From Copper to Solar Cells

Friday, April 25, 2014 @ 10:04 AM gHale


By looking at a piece of material in cross section, it is possible to see how copper sprouts grass-like nanowires that could one day be made into solar cells and also make them more cost-effective.

Washington University in St. Louis assistant professor of materials science and an expert in working with nanomaterials, Parag Banerjee, PhD, and Fei Wu, graduate research assistant, and Yoon Myung, PhD, a postdoctoral research associate, worked with copper foil, a simple material similar to household aluminum foil.

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When most metals heat up, they form a thick metal oxide film. However, a few metals, such as copper, iron and zinc, grow grass-like structures known as nanowires, which are long, cylindrical structures a few hundred nanometers wide by many microns tall. They set out to determine how the nanowires grow.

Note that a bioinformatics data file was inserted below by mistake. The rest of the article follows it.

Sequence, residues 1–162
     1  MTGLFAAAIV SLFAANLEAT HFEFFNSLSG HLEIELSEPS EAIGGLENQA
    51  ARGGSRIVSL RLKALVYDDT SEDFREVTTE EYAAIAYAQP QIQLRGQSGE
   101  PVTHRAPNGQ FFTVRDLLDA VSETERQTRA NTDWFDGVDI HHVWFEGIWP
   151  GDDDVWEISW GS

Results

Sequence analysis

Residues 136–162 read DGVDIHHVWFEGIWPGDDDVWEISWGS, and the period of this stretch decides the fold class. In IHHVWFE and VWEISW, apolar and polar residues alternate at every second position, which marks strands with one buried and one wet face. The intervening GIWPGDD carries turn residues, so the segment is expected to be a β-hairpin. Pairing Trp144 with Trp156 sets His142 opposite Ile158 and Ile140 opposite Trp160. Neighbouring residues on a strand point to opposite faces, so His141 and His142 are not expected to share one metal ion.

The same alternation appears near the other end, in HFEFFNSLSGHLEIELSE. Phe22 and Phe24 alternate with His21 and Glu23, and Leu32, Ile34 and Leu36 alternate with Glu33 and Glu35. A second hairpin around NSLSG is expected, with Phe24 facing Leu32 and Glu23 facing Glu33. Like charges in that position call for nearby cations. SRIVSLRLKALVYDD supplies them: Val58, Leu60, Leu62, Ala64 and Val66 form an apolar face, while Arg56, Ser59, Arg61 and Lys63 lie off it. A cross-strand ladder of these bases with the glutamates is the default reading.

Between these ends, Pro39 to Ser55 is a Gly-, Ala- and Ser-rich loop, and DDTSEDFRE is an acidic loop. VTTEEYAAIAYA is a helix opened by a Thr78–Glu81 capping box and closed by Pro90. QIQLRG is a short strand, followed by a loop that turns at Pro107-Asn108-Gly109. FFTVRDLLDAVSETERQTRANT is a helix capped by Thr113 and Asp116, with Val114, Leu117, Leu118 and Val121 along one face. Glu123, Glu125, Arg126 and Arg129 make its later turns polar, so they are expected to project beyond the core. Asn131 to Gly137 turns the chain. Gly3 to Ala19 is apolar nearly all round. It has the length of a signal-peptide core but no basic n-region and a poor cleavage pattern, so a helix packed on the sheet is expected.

“Other researchers look at these wires from the top down,” Banerjee said. “We wanted to do something different, so we broke our sample and looked at it from the side view to see if we got different information, and we did.”

The team used Raman spectroscopy, a technique that uses light from a laser beam to interact with molecular vibrations or other movements.

They found an underlying thick film consisting of two different copper oxides (CuO and Cu2O) that had narrow, vertical columns of grains running through them. In between these columns, they found grain boundaries that acted as arteries through which the copper from the underlying layer was pushing through when heat ended up applied, creating the nanowires.

“We’re now playing with this ionic transport mechanism, turning it on and off and seeing if we can get some different forms of wires,” said Banerjee, who runs the Laboratory for Emerging and Applied Nanomaterials (L.E.A.N.).

Like solar cells, the nanowires are single crystal in structure, or a continuous piece of material with no grain boundaries, Banerjee said.

“If we could take these and study some of the basic optical and electronic properties, we could potentially make solar cells,” he said. “In terms of optical properties, copper oxides are well-positioned to become a solar energy harvesting material.”



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